But we remain the people of the book. Yes, my friends, Israel is the living proof that democracy means progress, science means growth, literature and knowledge means enrichment. Israel today is an innovating, pluralistic society where Jews, Christians and Muslims live together in peace. It is not perfect, but it is an example of what may happen in the future.
My friends, we live now in and are now witnessing the departure of one age and the arrival of a new age. The agricultural age lasted for 10,000 years; the scientific age is still fresh. Yet in 50 years, the scientific age has achieved more than the 10,000 years of agriculture. This new age has brought new challenges, new dangers. It generated a global economy but not a global government. It gave birth to horrors of global terrorism without global control.
The danger is today concentrated in Iran. The Iranian people are not our enemies. It is the present leadership that became a threat. It turned Iran into a danger to world peace. It is a leadership that aims to rule the Middle East, spreading terror all over the world. They are trying to build a nuclear bomb. They bring darkness to a world longing for light.
It is our responsibility to our own people, to our friends throughout the world, to posterity, that the Iranian threat must be stopped, and it cannot be delayed.
Mr. President, you worked so hard to build a world coalition to meet this immediate threat. You started, rightly, with economic sanctions. You made it clear—rightly, again—that all options are on the table. Clearly, we support you and your policy.
Friends, extremists are using the conflict of the Palestinians to cover their true ambitions. The majority of the people in the Middle East, in my judgment, are tired of war. In many homes, families still mourn the loss of their loved one. I believe that peace with the Palestinians is most urgent—urgent than ever before. It is necessary. It is crucial. It is possible. A delay may worsen its chances.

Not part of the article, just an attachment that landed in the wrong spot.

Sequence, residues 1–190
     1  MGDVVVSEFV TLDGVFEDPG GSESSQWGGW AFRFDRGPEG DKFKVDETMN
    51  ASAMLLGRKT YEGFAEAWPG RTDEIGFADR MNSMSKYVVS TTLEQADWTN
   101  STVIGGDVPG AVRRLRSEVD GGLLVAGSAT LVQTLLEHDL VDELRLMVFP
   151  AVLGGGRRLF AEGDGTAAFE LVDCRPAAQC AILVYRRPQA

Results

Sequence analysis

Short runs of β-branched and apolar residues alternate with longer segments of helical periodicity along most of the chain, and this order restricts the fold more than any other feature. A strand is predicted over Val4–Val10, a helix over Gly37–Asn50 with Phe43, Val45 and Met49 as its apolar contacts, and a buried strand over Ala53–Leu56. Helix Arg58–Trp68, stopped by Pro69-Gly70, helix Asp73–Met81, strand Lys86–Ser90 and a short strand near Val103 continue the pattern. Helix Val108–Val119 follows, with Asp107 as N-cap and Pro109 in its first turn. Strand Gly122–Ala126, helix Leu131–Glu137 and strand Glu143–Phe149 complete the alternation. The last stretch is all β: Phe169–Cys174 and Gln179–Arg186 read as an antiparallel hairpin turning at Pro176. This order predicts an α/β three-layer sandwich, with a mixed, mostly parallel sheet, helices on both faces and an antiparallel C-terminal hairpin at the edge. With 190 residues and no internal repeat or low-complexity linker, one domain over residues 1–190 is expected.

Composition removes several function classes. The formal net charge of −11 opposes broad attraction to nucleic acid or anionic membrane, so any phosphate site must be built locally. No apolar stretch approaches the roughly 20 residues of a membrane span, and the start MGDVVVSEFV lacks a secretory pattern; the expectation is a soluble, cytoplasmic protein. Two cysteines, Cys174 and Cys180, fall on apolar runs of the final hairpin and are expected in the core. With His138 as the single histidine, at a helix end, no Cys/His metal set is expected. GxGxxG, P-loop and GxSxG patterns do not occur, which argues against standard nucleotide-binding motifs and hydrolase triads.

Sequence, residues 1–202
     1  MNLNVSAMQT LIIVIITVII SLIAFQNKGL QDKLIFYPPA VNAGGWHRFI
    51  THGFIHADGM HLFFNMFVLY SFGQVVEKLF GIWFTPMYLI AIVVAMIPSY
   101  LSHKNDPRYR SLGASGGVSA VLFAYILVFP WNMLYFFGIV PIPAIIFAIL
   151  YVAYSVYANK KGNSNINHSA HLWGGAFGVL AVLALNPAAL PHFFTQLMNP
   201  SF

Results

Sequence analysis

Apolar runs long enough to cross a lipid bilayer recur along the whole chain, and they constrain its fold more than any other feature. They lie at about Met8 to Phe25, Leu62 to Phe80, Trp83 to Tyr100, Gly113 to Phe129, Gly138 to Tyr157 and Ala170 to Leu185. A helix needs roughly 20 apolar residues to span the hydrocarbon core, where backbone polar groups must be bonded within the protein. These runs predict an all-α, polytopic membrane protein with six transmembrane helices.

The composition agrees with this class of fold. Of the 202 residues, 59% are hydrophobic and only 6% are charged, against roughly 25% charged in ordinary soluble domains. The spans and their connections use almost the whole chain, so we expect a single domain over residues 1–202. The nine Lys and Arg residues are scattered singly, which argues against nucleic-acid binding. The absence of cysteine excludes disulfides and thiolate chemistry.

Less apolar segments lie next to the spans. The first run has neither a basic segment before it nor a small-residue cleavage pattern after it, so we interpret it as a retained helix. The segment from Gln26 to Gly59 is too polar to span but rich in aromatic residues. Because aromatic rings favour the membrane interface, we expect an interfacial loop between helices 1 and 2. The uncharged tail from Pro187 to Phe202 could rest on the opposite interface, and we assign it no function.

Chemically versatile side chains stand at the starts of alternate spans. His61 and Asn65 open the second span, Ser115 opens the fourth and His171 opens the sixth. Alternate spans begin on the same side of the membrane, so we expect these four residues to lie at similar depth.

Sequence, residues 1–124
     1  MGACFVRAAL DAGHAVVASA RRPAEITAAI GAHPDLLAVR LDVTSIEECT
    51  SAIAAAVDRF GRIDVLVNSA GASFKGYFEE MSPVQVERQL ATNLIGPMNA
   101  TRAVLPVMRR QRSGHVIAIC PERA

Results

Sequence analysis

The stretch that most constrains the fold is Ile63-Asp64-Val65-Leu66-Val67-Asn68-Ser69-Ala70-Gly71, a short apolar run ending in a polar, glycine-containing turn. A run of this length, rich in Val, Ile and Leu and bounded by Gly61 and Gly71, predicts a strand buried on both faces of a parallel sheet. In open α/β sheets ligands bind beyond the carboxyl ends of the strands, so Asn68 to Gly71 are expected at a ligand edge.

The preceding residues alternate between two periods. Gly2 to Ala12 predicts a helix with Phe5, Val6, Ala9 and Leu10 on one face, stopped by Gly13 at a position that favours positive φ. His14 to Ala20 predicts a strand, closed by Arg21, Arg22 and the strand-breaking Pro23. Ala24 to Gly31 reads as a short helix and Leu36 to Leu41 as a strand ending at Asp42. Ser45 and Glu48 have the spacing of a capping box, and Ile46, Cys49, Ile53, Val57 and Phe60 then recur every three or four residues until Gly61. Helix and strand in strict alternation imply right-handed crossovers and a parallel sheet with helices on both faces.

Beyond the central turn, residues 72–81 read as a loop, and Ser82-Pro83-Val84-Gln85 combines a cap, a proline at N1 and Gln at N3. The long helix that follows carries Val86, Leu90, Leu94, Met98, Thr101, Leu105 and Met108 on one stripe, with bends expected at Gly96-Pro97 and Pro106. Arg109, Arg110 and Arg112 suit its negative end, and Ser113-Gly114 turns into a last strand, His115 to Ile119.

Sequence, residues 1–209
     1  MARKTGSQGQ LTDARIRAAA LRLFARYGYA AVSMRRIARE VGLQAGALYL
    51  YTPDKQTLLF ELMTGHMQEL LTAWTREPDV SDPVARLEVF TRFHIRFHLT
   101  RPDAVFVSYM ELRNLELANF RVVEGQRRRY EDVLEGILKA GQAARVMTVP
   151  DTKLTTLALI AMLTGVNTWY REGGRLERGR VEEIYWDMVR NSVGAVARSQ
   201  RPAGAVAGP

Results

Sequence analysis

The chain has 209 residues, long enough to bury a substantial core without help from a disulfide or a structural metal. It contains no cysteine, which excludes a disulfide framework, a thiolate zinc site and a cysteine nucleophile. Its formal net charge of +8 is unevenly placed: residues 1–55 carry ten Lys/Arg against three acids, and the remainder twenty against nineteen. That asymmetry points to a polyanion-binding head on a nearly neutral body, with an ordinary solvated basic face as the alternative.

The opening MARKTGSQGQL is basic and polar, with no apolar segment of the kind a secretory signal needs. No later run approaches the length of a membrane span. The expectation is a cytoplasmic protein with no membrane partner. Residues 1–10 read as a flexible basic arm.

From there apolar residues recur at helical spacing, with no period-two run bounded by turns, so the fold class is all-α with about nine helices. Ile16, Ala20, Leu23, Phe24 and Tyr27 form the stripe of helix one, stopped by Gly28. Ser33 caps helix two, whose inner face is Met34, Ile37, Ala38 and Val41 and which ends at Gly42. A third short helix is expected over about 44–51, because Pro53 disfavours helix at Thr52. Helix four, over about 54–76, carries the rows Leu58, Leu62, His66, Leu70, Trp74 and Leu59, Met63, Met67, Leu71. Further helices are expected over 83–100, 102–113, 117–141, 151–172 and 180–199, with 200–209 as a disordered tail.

I remember that 19 years ago, on the lawn outside this house, President Clinton—dear, Bill—initiated the peace process. Thank you very much. Since then, the Israelis and Palestinians have come a long way together. But still, hard work remains ahead. Israel and the Palestinians are, in my judgment, ripe today to restart the peace process.
A firm basis already exists. A solution of two national states—a Jewish state—Israel; an Arab state—Palestine. The Palestinians are our closest neighbors. I believe they may become our closest friends. Peace with the Palestinians will open ports of peace all around the Mediterranean. The duty of leaders is to pursue freedom ceaselessly, even in the face of hostility, in the face of doubt and disappointment. Just imagine what could be.
Now, a young Arab generation has opened its eyes and stood up against oppression, poverty and corruption. They seek freedom. They need freedom. They understand that freedom begins at home. I pray for their success. I believe that their success may become the success of all of us.
So, President, my vision is an Israel living in full, genuine peace, joining with all the people in the Middle East—former enemies, new friends alike; Jerusalem becoming the capital of peace; an Israel that is a scientific center open to all, serving all without discrimination; a green Israel, an increasingly green Middle East.
My vision is an Israel whose moral code is old as the Ten Commandments tablets, and whose imagination as new as the digital tablets as well. Together, our old and modern vision can help bring tikkun olam. Mr. President, that’s a better world. It will take a long time before we shall achieve it and become satisfied, as you have said. I believe that in the coming decade, Israel will be a center of the latest development in brain research. As the secrets of the human brain are being revealed, people may improve their capacity to choose between right and wrong.
By the way, I am also extremely optimistic about the United States of America. You are going to be the real greatest source of energy in our time. You are introducing a new industry, which is not mass production but individual production. It’s a new revolution. And you put again science on top of your agenda.
I believe in the coming decade, Israel will be also a center of the latest developments in brain research. As the secret of the human brain are revealed, people may improve their capacity to choose between right and wrong. And absent of a global government—government can contribute to world peace.
Dear friends, my greatest hope is that a dawn will arise when every man and women—Israeli or Palestinian, Syrian or Lebanese, young people wherever they are—will wake up in the morning and be able to say to themselves, I am free to be free. Amen.
The full video of the event can be found here, or you can watch above.
Click here to read the NJDC’s release congratulating President Peres on his honor.
Click here to read the White House’s blog post commemorating the event.
Click here to read the White House transcript from the event.